The first owner is not likely to be greatly interested in these long term maintenance problems.

I have no idea if the photographed boat was made as you say.
Tumblehome does not mean that a boat has to be made in two parts nor does it dictate a moulded keel. Australian UFO 34s had a keel bolted to the stub
Boats are made in two bits in order to reduce tooling costs. If the original manufacturer had confidence in a long run of production, he would invest in a split mould at the outset and make the boat in one bit.

This is really interesting as I hadn't thought about whether or not my UFO was build in two pieces. From the look of it I would say not. The hull has a chine down the centerline however internally there is no sign of any discontinuity down the centreline. I guess it's possible that an extra layer of GRP was added all over the inside after two halves were joined but I can't see any evidence of a 2 stage construction. Would there be any clear indicators?
I have to say as an owner (as opposed to a builder) having an encapsulated lead keel is great. It's just less to worry about. Far less maintenance concerns.
 

pmagowan

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Oh, I have no doubt at all that he can design something that's safe, structurally sound, and works in a technical sense. How the keel is attached isn't the issue; I guess I'm drifting the thread a bit. But we all know there's a lot more to designing a good sea boat than just making sure it floats and doesn't fall apart. Does the RCD say anything about good sailing performance (at your chosen trade-off between speed, comfort, and ease of handling), or a sea-kindly motion that has you comfortably deciding to spend an extra day on passage rather than dashing into the nearest available port to put an end to being thrown around and tipped on your ear? These are the things I'd expect a good designer to bring to the project.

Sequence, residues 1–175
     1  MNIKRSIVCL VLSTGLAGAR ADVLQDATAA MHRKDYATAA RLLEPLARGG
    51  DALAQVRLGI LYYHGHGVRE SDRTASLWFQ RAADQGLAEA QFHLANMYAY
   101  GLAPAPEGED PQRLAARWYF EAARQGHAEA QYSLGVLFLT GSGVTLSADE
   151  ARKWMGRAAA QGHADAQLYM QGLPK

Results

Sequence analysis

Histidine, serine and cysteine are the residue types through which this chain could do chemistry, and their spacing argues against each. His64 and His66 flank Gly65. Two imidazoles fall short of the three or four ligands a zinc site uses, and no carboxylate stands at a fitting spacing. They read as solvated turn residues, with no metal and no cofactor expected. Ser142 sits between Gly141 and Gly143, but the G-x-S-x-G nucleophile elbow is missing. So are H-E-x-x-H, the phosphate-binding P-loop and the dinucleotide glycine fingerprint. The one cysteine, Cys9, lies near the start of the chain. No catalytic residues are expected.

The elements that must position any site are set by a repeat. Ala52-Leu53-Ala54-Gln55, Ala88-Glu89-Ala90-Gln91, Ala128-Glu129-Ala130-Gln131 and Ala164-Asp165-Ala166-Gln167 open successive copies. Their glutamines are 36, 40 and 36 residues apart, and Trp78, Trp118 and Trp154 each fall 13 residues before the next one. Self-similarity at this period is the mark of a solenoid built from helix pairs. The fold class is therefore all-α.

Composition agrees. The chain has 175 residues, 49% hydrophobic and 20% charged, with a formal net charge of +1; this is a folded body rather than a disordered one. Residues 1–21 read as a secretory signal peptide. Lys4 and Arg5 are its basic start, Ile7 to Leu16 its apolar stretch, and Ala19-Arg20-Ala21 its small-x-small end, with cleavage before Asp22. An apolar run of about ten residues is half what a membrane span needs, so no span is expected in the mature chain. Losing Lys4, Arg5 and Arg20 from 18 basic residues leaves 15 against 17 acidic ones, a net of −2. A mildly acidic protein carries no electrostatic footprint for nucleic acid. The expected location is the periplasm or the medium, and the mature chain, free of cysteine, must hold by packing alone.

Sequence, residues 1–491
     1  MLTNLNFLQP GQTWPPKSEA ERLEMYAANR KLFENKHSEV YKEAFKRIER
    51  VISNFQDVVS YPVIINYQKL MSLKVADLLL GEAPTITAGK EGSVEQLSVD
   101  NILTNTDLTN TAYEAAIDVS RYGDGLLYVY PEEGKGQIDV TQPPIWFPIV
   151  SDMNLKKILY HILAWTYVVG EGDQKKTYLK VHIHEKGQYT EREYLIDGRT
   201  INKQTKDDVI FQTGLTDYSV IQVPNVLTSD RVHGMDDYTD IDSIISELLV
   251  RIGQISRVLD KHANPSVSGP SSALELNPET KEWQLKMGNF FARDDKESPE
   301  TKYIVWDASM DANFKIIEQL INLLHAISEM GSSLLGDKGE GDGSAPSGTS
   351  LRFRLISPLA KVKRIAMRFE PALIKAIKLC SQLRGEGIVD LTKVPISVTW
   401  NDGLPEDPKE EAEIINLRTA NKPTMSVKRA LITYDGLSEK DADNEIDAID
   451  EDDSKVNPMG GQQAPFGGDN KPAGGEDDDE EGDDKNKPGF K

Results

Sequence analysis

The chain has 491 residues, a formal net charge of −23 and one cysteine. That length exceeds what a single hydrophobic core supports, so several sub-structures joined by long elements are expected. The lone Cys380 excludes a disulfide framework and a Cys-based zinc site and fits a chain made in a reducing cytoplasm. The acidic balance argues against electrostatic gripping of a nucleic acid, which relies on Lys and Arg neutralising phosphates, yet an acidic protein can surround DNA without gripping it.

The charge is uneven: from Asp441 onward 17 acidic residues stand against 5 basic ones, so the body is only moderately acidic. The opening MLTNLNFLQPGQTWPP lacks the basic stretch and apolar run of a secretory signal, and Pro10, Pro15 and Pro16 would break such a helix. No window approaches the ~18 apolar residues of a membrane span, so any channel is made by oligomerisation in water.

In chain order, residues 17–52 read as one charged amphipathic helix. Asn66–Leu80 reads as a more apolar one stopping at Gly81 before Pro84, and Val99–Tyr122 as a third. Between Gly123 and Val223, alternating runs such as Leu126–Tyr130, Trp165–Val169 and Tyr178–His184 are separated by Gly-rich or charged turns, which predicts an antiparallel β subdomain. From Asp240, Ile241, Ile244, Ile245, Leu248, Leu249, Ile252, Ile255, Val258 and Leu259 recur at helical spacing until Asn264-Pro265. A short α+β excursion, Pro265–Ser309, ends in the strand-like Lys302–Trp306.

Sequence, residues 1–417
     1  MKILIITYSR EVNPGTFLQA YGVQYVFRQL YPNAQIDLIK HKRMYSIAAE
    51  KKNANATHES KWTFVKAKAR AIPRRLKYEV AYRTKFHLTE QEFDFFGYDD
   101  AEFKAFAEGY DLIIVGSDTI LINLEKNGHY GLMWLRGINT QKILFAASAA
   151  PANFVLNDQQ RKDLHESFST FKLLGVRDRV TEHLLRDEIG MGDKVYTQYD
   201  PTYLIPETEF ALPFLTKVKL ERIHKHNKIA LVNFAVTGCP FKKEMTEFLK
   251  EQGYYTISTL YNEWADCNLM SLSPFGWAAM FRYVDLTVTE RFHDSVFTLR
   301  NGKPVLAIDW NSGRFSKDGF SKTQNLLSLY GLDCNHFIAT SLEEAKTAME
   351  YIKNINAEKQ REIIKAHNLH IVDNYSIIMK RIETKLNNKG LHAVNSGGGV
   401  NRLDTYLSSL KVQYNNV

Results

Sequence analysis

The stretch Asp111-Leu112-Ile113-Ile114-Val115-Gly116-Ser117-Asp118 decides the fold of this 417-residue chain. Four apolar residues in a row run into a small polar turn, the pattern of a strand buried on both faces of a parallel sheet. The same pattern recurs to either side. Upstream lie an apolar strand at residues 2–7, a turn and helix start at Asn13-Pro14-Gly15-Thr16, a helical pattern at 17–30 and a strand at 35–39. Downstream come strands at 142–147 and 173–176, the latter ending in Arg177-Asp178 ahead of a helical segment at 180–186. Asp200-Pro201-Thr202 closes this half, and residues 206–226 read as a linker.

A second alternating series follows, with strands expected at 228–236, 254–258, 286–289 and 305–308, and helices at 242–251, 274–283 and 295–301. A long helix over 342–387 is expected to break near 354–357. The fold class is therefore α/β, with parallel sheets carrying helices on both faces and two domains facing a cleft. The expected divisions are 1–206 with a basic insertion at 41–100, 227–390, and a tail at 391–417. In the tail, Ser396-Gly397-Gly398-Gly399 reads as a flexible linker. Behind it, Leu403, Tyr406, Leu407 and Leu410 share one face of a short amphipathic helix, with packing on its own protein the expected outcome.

A skilled amateur might get it right too if he's lucky, but it's a hell of a gamble with all that time, effort, and money and you won't know if you got it right until it's far, far too late. As it says near the front of one of my boatbuilding books, it costs the same to build a bad design or a good one, and the cost of the designer is a tiny proportion of the build cost. That makes building anybody's first design as your once-in-a-lifetime full-size yacht project far too big a risk to my mind.

Pete

The good thing is that I am not designing anything revolutionary. It will be quite traditional as my main requirement is a rugged boat. I am not into racing but I obviously appreciate good performance. It needs to be a 'blue water' boat, whatever that means. I will be designing and building a number of smaller projects first to see where potential problems are.

For construction I like the idea of the mix of modern and old. I will be using a lot of wood but with modern epoxy and fibres I will 'cure' some of the problems of dimensional stability and rot that wood can suffer from. I plan to build a CNC machine in my, currently being built, workshop. This will allow me to spend more time on the design in the knowledge that a clever computer will do a lot of the work when it comes to construction.

I love DIY and this project is partly to provide me with a never ending supply of it. I want to cast my own keel and many metal fittings, design and make my own anchor and use some of my own trees in the joinery.

Once it all starts happening I will probably make a blog or a website. It is pretty boring stuff at the moment with research and CAD. Of course I will continue to use this forum as a font of all wisdom :)
 

prv